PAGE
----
- The Washington Times - Friday, February 18, 2011

PERILOUS FIGHT: AMERICA’S INTREPID WAR WITH BRITAIN ON THE HIGH SEAS, 1812-1815
By Stephen Budiansky
Alfred A. Knopf, $35, 368 pages, illustrated

The bicentennial of the War of 1812 will soon be upon us. Celebrations, observances and re-creations of all sorts will take place from Boston to New Orleans and from the Chesapeake Bay to Washington and Baltimore and on to Lake Champlain and the Great Lakes. “Perilous Fight” is an outstanding introduction to these celebrations of a war in which, as one scholar has noted, “Everyone thinks they won.”

The Americans scored tremendous frigate-versus-frigate victories that cheered even Americans who were against the war and established standards and traditions for the U.S. Navy that have lasted to this day. The British burned the American capital and, after the first year, bottled up those bothersome American frigates and choked down on American commerce with a close blockade of Atlantic ports.

The British Canadians repelled several American invasion attempts by land and preserved their territory pretty much as we know it today. All three sides were indeed successful, in their own way.

Stephen Budiansky doesn’t cover the whole war. As his subtitle declares, he concentrates on events on the high seas, but of particular interest to readers, he also includes the Chesapeake Campaign waged by Rear Adm. Sir George Cockburn of the Royal Navy, a campaign that terrorized settlements from below Tangier Island to Havre de Grace, Md., and led to the burning of Washington and the bombardment of Baltimore.

As the story unfolds, the reader is almost mesmerized by the awesome detail and clear prose. This book is a joy to read for the interested reader of history, the amateur historian, and at the same time a worthy reference for scholars.

The beginnings of the War of 1812 lie in the early 19th century, when Britain, in a world war with Napoleon’s France, began running short of sailors to man her ships and resorted to impressment: the virtual kidnapping of foreign sailors, particularly Americans, from their ships and forced induction into the Royal Navy. Many Republicans (soon to morph into the Democrats we know today) were ready to go to war to force the Brits to stop the practice.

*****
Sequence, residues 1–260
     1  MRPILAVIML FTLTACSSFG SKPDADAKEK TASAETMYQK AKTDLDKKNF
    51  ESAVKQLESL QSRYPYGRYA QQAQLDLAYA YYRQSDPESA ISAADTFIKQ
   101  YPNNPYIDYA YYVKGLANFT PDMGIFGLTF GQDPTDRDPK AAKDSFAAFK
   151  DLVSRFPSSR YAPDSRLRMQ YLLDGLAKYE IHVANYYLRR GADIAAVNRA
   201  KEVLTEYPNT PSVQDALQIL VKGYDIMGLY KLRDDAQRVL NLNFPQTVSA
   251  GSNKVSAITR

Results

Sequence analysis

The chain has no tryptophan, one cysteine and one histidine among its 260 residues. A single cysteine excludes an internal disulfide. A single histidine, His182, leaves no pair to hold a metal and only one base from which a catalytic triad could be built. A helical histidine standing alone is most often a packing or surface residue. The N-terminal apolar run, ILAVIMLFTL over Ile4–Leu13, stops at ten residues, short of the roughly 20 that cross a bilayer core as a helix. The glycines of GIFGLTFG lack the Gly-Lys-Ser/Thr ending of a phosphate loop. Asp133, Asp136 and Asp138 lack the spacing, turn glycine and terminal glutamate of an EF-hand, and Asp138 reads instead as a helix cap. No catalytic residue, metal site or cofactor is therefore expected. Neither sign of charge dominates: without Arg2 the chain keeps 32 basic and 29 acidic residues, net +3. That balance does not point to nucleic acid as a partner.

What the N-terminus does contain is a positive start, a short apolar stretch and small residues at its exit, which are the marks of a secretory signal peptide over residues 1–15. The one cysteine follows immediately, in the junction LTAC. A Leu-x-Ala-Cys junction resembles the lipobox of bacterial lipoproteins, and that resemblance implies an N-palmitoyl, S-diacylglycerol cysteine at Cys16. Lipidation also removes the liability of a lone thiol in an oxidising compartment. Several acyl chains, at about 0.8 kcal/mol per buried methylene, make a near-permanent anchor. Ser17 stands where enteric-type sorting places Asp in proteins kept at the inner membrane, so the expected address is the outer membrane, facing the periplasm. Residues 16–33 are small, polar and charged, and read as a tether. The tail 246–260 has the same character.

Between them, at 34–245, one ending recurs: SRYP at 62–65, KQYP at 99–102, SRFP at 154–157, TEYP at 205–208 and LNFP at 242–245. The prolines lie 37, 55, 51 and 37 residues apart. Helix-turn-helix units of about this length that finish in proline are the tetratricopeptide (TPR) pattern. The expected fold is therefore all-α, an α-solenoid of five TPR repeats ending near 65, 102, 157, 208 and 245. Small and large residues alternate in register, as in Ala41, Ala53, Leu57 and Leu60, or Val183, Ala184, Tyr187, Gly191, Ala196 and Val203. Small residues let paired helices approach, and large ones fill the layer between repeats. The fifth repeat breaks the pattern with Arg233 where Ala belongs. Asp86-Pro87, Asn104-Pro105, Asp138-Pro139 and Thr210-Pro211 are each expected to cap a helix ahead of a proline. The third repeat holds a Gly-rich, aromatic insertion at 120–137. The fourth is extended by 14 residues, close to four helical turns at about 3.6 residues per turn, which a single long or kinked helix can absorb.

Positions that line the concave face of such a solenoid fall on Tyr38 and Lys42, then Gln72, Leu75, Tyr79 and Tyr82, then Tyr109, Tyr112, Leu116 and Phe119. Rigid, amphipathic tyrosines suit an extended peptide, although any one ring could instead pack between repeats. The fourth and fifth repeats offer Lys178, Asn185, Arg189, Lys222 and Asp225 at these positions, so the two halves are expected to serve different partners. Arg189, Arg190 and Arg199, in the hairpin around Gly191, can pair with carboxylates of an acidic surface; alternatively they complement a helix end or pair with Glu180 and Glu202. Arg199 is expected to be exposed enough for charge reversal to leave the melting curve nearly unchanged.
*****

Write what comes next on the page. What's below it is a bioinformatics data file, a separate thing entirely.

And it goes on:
Western Republicans also saw an opportunity to march on Canada and make it part of the United States and, at the same time, take on the British-inspired Indians, who were harassing the westernmost settlements. Meanwhile, the Federalists, largely concentrated in the Northeast, the very citizens who owned the ships from which sailors were being impressed, opposed the war. Even while that debate was ongoing, an event most egregious took place near the Virginia Capes.

The USS Chesapeake, one of the nation’s frigates, had just gotten under way form Norfolk when HMS Leopard intercepted her and demanded the right to search for suspected deserters. When the Chesapeake refused, the Leopard delivered a broadside at close range, and the Chesapeake was forced to strike her colors. After intense diplomatic negotiations, further conflict was averted, but ever-increasing hostility continued until war was declared in June 1812.

Almost immediately began a series of frigate actions that brought glory to the American Navy and embarrassment to the Royal Navy: Constitution vs. Guerriere, United States vs. Macedonian and Constitution vs. Java - sea battles that live on in American naval history. The British had been hoping for a negotiated peace, but the frigate actions, along with undiminished American merchant shipping, convinced them that wouldn’t happen.

As a result, with their superior numbers, beginning in 1813, they blockaded American ports from Maine to New Orleans, and the frigates and merchants alike were bottled up.

At least one got away, however: David Porter in the USS Essex. Rounding Cape Horn, he wreaked havoc among the British whalers in the Pacific until he became trapped in Valparaiso, Chile, by an overwhelming force. The story of the Essex is the thing of novels and movies. Reading the sections about her voyage is itself worth the price of the book.

“Perilous Fight” is not all about war at sea, however; one John Wilson Croker, secretary to the Admiralty Board, ran the war from London, ordering admirals around, apparently on his own authority. On the other side of the Atlantic, the American secretary of the Navy, William Jones, set the tone for the U.S Navy.

Of particular note: Jones tried his best to manage the jealousies rife among his captains and tamp down their zeal to fight for “honor” when it didn’t serve the larger cause. In the end, he did as much as anyone to bring about the peace by establishing a campaign against British merchant shipping throughout the Atlantic, right up to the British Isles. Much of this time, he also served as secretary of the Treasury, a historical character little known, but Mr. Budiansky sheds some needed light.

With excellent narrative, battle diagrams and photos, this book is a keeper. It’s timely, well-written, interesting and a recommended read.

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